1. Alan has completed the new Pain Recovery Program. To read or share it, use this updated link: https://www.tmswiki.org/forum/painrecovery/
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starting program with sciatica

Discussion in 'Structured Educational Program' started by seanpat, Feb 4, 2022.

  1. seanpat

    seanpat New Member

    Hi all,

    I have had frequent episodes of TMS for past 15-20 years from panic attacks to stomach issues, to shoulder pain, knee pain, tension headaches, scratchy eyes and most everything else. What I have never had, until now, is back pain/sciatica. I had my hip replaced in October for severe arthritis (I really had it but that is another story) and when I woke up I had terrible sciatica. Really bad and it has been with me on and off for several months. Dr. Schubiner believes it is TMS and that there is no way that it happened during surgery. I had been so disabled in the 3 years leading up to the hip replacement that a large part of me thinks my mind is keeping me disabled. I have been very active and worked out very hard before my hip issues. I waited so long for the hip surgery because I was not convinced it was not my mind playing tricks on me. I do have much better range of motion with my new hip and if I did not have the sciatica it would be a terrific outcome. I have been going to PT but I stopped as it helped at first and then seemed to make it worse. I ignored it for a week or so and it improved but never went away. I always have a tension going down back of left leg and sometimes both legs. It seems HIGHLY unlikely that I developed sciatica bilaterally all of a sudden. My brain tells me this is not credible but...I have walked twice for 3 miles plus and when I start it hurts badly, then it "loosens up" about a mile into it and then tenses again and gets painful. The last two times it hurt the next fews days quite a bit. I am very frustrated but having trouble convincing myself it is not "real". My physical exam is normal in the sense that my PT says I have normal strength etc and she does not think it is a disc. I have avoided an MRI because my doctor says there is no indication for one medically based on my strength and the only reason to do one is if we are thinking about surgery. IN the past, once I figured out my issues were TMS they evaporated. Sometimes immediately, other times it took weeks but it has never taken months. This of course has me thinking maybe this is structural etc etc. This has been dragging on too long and is painful/depressing. Any help appreciated.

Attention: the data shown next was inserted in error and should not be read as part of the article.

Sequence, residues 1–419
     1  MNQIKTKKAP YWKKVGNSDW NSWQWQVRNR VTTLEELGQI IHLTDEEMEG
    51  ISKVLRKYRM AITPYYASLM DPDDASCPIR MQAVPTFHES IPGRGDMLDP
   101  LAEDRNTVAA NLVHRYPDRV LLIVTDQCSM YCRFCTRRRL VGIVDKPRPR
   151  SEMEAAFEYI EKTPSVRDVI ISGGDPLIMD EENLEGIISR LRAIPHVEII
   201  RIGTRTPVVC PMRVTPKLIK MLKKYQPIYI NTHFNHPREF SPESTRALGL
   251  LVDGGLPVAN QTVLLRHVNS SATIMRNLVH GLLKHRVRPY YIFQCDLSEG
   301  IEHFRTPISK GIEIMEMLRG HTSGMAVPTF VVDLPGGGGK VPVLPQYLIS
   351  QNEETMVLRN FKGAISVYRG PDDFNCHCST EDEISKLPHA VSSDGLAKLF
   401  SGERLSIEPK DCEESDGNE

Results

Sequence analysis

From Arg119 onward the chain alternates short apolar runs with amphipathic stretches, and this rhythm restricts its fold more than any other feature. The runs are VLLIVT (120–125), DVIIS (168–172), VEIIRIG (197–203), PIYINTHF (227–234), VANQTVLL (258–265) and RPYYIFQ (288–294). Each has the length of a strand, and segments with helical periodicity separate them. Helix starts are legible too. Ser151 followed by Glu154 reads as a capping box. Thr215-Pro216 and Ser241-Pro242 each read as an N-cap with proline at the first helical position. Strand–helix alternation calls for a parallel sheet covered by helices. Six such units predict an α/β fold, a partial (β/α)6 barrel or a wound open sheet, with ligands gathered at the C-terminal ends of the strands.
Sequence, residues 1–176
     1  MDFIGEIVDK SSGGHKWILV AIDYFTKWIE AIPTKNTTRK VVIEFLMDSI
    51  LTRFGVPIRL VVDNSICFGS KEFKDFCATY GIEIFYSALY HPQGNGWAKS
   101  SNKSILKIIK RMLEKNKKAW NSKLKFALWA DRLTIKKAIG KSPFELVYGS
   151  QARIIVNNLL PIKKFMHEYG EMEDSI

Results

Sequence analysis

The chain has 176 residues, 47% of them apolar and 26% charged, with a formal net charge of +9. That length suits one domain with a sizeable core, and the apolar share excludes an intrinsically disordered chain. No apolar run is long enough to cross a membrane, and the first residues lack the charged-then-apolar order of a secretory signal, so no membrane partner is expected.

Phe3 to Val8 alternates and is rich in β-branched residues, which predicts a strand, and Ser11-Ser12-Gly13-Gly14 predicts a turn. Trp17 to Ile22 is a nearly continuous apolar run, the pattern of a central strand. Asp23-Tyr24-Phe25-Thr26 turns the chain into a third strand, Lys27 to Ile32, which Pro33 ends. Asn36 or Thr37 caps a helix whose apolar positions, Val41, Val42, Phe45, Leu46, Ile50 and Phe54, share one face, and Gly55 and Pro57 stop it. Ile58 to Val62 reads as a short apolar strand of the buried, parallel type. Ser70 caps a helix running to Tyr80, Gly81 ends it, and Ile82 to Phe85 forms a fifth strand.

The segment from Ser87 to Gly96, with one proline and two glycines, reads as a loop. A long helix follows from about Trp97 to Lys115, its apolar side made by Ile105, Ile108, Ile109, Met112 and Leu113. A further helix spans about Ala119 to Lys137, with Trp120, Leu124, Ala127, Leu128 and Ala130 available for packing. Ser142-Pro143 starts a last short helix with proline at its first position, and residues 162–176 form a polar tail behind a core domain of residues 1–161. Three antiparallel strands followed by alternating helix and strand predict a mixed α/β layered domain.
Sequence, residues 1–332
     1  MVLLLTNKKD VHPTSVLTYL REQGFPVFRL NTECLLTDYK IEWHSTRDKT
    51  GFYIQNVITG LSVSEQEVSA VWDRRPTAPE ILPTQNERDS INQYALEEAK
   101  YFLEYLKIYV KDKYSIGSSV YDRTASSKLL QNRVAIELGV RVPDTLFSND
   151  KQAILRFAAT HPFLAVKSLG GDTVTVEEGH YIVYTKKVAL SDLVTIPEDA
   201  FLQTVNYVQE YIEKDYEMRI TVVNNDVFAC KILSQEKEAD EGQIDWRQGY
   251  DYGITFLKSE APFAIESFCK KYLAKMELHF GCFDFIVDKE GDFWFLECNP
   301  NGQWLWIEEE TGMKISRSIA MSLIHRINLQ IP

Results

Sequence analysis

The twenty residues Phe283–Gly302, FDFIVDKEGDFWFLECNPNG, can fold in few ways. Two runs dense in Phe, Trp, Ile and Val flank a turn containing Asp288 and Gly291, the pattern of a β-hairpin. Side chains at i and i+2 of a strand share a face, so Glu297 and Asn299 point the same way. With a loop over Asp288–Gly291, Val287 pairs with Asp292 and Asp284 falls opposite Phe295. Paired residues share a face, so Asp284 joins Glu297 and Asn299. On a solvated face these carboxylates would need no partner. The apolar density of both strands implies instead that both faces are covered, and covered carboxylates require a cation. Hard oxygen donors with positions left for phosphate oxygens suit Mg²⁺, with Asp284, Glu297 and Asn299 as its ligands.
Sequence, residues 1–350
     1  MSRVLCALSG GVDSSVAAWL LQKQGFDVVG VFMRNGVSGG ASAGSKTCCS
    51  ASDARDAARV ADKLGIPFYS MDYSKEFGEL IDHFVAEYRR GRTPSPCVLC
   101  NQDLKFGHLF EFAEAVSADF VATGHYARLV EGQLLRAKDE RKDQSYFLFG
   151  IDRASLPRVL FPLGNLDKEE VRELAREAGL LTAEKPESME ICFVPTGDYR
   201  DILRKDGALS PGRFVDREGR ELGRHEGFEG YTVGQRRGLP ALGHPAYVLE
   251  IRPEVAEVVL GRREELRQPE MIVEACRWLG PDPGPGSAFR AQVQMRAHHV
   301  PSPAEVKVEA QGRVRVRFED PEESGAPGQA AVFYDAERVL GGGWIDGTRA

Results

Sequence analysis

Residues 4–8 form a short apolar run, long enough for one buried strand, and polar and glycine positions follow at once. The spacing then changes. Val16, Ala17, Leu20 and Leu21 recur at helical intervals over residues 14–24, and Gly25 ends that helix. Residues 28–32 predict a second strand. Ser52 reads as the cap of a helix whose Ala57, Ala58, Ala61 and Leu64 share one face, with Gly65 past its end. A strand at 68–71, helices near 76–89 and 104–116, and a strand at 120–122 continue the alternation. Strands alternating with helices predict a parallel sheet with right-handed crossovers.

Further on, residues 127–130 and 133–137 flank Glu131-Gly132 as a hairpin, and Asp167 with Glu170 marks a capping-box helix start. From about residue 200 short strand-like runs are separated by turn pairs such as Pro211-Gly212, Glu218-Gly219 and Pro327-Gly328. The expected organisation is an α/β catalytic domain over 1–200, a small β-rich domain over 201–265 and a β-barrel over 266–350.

2. Andy Bayliss

    Andy Bayliss TMS Coach & Beloved Grand Eagle

    Hello seanpat and Welcome!

    I think it is great you're starting a program. I assume it is the SEP?

    Everything you already know about TMS is going to be helpful, obviously.

    I wonder how much feeling/emotional awareness work you've done. As I read your report I don't see you mentioning this. I feel that it is an important piece to be added to your on-going "cognitive work." The SEP has opportunities for this. Also I'll put a link in which references Dr. Sarno's journaling/self-help directions which Forest put together years ago. Whether you do this or not, this summary points to the importance.

    To me, the long-term in-depth work needs to be addressed. Whether this is with journaling, a therapist, a skilled coach, a support group, a friend who will listen without judgement... Your case of having some relief, doing this work for a long time, changing symptoms, to me, points to this deeper work being important.

    I can't find the post, but here it is cut and pasted. Good luck with your work, which I think will go well as you go deeper...


    Summary of Dr. Sarno's Home Study Program Practices, by Forest, TMS Wiki 5-2014

    Dr. Sarno described the process that he used at the Rusk Institute in all of his books. In the Divided Mind, in the treatment program section, he wrote the following:

    1. If you have not already done so, read the entire book you are using a bit at a time (Healing Back Pain or The Mind-body Prescription). After that, read the psychology or treatment chapter every day. Pay close attention to what you read, especially when you see things that remind you of yourself.

    2. Set aside time every day, possibly fifteen minutes in the morning and thirty minutes in the evening, to review the material I am about to suggest.

    3. Unconscious painful and threatening feelings are what necessitates the pain. They are inside you; you don’t feel them.

    4. Make a list of all the things that may be contributing to those feelings.

    5. Write an essay, the longer the better, about each item on your list. This will force you to focus in depth on the emotional things of importance in your life.

    (p. 142-143 in The Divided Mind. Some text boldfaced by me for emphasis.)

    With Dr. Sarno being the consummate hospital physician, I suspect that he didn't feel comfortable telling people how to treat themselves at home. Rather, he wanted people to be under the care of highly trained physicians and therapists. While this may be frustrating to us, because we want step by step instructions, I think it is a testament to the respect that he has for medical science. The closest that he ever got to describing a home treatment program for people who weren't at Rusk was in The Mindbody Prescription. In it, rather than describing his prescription for home treatment, he reproduced a letter in which one of his patients, Jim Campobello, described what he recommended to his friends. I think that this is as close as we will ever get to Dr. Sarno of an at-home treatment protocol.

    So what did the Campobello program involve? It involved reading and rereading (and some other things). Here is his handout:

    First, you must decide that you will make a serious attempt at Dr. Sarno’s technique. The technique only works for people who make a strong effort to apply it. You must either believe that it can work for you, or you must be so desperate that you will try very hard to do it even if you don’t believe in it.
    I did not believe in it when I first read the book. My nature is very skeptical; I didn’t believe in mental powers of any kind, and I had given up on the miracles. However, I was desperate. I was in constant pain. My life consisted of standing up to do what little work I could, and lying on a mat on the floor at home the rest of the day. So even though I didn’t think it could help, my wife convinced me to try it. You can do the same thing.
    So first you must make a commitment to try the book’s approach. It costs nothing, but you must be willing to spend some time on it every day for at least a month. You might as well try—what have you got to lose?
    I don’t think there is one exact way to do it, but I will tell you what worked for me and recommend that you try it.